Equities and the Economy:
• Stocks edge higher to post new records.
• September FOMC meeting minutes less hawkish.
All the main benchmarks closed at new record highs yesterday. The Dow rose 42 points to 22,873, the S&P 500 climbed 5 to 2,555 and the Nasdaq gained 16 finishing at 6,604. There really wasn’t anything to drive the market yesterday. It rose primarily on momentum and the “trend is your friend.” For the year the Dow is up almost 16%, the S&P 14% and the Nasdaq an amazing 23%.
The major fundamental economic event yesterday was the release of the FOMC’s September meeting minutes. And there was an interesting revelation. Prior to yesterday and based upon some Fed officials comments, especially Chairwoman Janet Yellen’s, the market widely assumed that most Fed officials were concerned about the prospects for higher inflation and there would be one more interest rate hike and it would be in December. Fed fund futures were pricing in a 90% probability of a December rate increase. However, the minutes revealed that “many Fed officials were concerned that the low inflation was not transitory.” So it appears that many Fed officials are concerned more about low, rather than high, inflation. If low inflation remains persistent then there’s no need to rush to raise interest rates. Investors still believe there’ll be a rate hike in December, but the guidance from the Fed of 3 interest rate hikes next year is all but lost. Even thoughts of two hikes are in question.
Things are quiet around the globe this morning. The Dow is down 18 points.
JP Morgan’s Jamie Dimon has predicted the imminent collapse of Bitcoin liking it to the tulip crash of 1637. Well he’s going to have to wait. Overnight Bitcoin hit a new record high of $5,231. A year ago it was trading at about $800.
• Prices log 3rd consecutive daily gain.
• OPEC raises forecast of demand.
Oil prices rose for a 3rd consecutive day with WTI adding 38¢ to $51.30 and Brent rising 33¢ closing at $56.94. OPEC released a report yesterday which was both bullish and bearish. On the bull side the cartel raised its forecast for growth in oil demand this year and next by 30,000 bpd. It sees demand increasing by 1.5 million bpd in 2017 and 1.4 million bpd in 2018. Bearishly, the report also stated that OPEC production jumped last month by 90,000 bpd. It also noted an increase of 31,000 bpd in nonOPEC countries in September, which was partly a rise in U.S. production. OPEC went on to say they expect prices to remain in the $50-$55 per barrel range next year (basis Brent).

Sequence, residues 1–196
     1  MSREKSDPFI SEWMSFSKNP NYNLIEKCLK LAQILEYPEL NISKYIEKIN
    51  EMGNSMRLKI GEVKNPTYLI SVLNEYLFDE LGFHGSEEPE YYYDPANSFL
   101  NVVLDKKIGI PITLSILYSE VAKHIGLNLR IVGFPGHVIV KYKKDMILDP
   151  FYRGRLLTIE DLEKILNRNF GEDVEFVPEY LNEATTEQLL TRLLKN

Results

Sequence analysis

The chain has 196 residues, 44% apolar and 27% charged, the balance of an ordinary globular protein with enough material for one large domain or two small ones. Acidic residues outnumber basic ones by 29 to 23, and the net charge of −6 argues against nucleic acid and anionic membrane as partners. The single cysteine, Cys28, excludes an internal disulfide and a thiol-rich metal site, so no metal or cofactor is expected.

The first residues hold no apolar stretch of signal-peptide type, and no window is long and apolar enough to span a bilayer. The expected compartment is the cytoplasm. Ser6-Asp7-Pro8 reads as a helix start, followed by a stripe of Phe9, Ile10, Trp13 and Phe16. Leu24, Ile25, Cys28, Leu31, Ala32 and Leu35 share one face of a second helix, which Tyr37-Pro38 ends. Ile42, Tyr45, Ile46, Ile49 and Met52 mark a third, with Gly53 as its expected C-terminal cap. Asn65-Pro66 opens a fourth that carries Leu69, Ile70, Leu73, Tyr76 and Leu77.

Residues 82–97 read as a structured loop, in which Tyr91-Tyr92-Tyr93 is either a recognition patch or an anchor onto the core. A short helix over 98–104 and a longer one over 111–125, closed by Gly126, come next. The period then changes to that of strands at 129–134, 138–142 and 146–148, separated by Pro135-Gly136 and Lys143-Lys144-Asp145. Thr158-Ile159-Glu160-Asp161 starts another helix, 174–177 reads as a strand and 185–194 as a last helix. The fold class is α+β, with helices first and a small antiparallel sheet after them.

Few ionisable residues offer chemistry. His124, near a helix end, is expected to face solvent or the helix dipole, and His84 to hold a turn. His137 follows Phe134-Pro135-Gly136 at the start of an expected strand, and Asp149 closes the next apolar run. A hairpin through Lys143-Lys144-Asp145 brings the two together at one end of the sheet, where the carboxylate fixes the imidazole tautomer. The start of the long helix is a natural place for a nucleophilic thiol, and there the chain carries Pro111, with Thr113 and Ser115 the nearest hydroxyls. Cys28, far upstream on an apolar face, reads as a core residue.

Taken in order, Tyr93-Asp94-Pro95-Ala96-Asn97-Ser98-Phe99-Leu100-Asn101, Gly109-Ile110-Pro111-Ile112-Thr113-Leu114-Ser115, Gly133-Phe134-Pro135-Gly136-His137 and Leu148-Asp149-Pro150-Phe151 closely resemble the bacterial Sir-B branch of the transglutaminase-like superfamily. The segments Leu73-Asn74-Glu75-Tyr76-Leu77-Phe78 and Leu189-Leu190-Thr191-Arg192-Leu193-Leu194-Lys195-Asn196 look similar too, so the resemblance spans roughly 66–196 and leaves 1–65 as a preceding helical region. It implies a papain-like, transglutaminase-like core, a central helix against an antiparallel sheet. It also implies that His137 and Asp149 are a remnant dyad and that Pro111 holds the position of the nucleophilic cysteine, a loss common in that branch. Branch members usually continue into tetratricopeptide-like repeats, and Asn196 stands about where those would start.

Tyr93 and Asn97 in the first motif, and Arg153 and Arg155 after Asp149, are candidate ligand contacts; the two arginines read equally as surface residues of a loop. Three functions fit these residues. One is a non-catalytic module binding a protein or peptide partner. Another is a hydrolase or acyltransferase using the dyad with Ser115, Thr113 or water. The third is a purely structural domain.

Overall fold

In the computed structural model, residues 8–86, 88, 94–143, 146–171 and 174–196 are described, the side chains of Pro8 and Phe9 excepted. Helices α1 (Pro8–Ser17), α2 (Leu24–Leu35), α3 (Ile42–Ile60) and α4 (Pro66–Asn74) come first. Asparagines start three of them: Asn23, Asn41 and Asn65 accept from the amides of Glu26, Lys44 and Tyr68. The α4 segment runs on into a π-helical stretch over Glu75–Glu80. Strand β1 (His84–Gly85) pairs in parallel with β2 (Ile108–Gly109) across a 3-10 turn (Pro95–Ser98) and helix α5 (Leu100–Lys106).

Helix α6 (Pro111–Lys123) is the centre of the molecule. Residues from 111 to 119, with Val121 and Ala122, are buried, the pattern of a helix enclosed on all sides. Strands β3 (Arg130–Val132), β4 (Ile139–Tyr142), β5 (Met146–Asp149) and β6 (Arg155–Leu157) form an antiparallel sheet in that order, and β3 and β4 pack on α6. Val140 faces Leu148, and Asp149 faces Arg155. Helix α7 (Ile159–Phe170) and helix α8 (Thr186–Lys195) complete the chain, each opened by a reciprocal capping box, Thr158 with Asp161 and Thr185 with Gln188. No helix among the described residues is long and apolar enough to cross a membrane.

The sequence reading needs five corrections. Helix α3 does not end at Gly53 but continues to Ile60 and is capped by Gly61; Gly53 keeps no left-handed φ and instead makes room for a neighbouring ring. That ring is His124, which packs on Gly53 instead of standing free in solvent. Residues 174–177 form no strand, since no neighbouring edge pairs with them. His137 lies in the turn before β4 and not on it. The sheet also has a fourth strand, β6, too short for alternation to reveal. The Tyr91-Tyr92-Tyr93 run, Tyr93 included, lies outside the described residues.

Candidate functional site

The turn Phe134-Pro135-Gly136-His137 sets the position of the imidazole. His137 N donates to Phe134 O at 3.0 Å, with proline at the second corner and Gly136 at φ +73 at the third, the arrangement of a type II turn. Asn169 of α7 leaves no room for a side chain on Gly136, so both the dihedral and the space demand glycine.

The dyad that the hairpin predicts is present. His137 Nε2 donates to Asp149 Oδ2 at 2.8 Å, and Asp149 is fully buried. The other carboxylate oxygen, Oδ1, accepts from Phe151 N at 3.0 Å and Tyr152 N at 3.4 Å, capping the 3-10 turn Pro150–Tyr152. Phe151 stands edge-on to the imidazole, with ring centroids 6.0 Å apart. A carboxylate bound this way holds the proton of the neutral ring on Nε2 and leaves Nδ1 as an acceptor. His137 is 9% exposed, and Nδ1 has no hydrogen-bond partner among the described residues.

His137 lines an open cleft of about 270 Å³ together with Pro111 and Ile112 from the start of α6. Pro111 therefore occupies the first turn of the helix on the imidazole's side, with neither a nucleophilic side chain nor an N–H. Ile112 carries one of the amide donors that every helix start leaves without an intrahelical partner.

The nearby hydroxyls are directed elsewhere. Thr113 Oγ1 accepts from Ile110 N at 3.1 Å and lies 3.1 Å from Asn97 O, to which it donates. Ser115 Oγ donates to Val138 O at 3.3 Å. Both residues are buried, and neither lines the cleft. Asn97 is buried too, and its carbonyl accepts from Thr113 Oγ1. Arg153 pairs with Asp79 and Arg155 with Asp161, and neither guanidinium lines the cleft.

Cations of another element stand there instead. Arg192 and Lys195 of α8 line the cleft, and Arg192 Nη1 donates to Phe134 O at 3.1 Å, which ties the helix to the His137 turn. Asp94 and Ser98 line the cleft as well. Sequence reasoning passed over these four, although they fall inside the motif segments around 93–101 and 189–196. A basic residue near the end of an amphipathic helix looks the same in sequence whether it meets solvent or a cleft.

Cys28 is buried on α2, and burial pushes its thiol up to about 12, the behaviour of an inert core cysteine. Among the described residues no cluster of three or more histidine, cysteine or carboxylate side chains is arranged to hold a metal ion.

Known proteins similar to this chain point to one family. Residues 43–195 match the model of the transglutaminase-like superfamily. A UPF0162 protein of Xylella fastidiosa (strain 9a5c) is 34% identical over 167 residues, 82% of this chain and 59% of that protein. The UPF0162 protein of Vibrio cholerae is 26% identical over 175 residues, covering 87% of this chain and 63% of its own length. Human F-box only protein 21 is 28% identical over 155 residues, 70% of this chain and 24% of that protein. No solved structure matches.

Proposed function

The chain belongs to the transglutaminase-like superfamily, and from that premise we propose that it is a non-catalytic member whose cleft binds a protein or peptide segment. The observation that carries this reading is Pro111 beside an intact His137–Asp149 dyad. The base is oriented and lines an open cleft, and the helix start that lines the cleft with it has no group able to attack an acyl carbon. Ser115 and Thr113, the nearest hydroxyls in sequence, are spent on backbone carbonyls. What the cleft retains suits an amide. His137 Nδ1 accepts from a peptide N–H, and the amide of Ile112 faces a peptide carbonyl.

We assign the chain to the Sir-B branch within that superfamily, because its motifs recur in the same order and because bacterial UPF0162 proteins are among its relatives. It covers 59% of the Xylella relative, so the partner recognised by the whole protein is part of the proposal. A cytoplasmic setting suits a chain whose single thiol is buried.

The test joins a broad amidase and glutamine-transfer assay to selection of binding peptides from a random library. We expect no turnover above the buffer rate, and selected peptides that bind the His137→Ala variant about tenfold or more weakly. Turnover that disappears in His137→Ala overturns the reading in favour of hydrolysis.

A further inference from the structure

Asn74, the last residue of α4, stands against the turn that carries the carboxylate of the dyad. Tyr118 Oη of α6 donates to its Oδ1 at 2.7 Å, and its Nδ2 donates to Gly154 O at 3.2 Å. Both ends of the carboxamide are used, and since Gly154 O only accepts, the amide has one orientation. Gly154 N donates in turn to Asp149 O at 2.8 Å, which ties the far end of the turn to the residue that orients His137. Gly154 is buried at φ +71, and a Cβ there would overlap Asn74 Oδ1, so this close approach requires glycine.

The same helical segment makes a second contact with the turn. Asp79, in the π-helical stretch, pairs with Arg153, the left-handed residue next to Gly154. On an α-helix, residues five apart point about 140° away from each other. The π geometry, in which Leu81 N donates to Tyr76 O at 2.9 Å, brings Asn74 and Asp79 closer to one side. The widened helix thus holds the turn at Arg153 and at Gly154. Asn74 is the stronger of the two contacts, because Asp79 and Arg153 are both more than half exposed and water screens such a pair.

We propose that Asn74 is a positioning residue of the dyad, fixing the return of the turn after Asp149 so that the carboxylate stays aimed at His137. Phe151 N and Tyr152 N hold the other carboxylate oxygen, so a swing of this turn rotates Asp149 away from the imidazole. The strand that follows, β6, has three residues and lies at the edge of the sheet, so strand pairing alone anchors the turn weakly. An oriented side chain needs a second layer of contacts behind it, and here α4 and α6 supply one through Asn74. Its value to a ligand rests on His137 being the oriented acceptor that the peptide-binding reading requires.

Last night after the bell the API released its weekly crude and products report (a day late due to the holiday) and it was marginally bearish. Traders were expecting crude oil inventories to drop by 900,000 barrels but they actually increased by 3.1 million barrels. The big surprise though was on the products side. Gasoline and distillates (primarily diesel) were forecast to decline by 2.3 million barrels. They actually increased by 400,000 barrels. The API report is weighing on prices this morning with WTI down 90¢.
Courtesy of MDA Information Systems LLC
• Prices close unchanged.
• Weekly storage report today.
In the morning prices were up on a supportive cash market but the gains couldn’t be held and November gas closed basically flat to Tuesday at $2.889, down 0.2¢. Today the EIA releases its weekly storage report with traders looking for an injection of 85 Bcf. This week last year we saw an injection of 79 Bcf and the 5 year average is 87 Bcf. It will be interesting to see how Nate affected gas production. The effect of hurricanes always show up in the storage report.
The weather forecast continues to show little support for the bulls with above normal temperatures forecast through October 26th for the eastern U.S. With it being “shoulder season” this forecast doesn’t impact gas demand like it would in the middle of the summer or winter, but if it persists into November, and December, we’ll have a completely different discussion.
This morning looks like a repeat of yesterday morning with natty up 5.1¢.
10 strange facts you didn’t learn in school.
• During the Dust Bowl, people sewed clothes out of flour sacks. When flour distributors heard about this they made their bags more colorful so the subsequent clothing would be more attractive.
• Albert Einstein was offered a presidential seat. In Israel. He declined.
• The shortest war ever lasted less than an hour. The Anglo-Zanzibar War lasted 38 minutes.
• Anna Mae Dickinson may be the luckiest person ever! Over the course of her life, she survived the sinking of the Titanic and the Lusitania, the Hindenburg explosion, the bombing of Pearl Harbor, and the terrorist attacks of September 11, at which point her apartment was destroyed by the collapse of the World Trade Center.
• The largest bird ever to fly had a wingspan of about 21 feet. It loomed over our planet approximately 6 million years ago.
• Before there were alarm clocks there were “knocker-ups.” People were hired to shoot peas at workers’ windows to wake them up for their shifts.
• Before Ronald Reagan was president he was a lifeguard chalking up 77 saves.
• During World War I a monkey was awarded a medal and promoted to Corporal.
• Using sonar, scientists discovered two pyramids 6,000 feet underwater. They are made of glass and presumed larger than the Great Pyramid of Giza in Egypt.
• Soon after building started in 1173, the foundation of the Leaning Tower of Pisa settled unevenly. Construction was stopped, and was continued 100 years later. Therefore, the leaning tower was never straight.
On a logistical note, I will be out of the office tomorrow so the next Morning Energy Blog will be on Monday.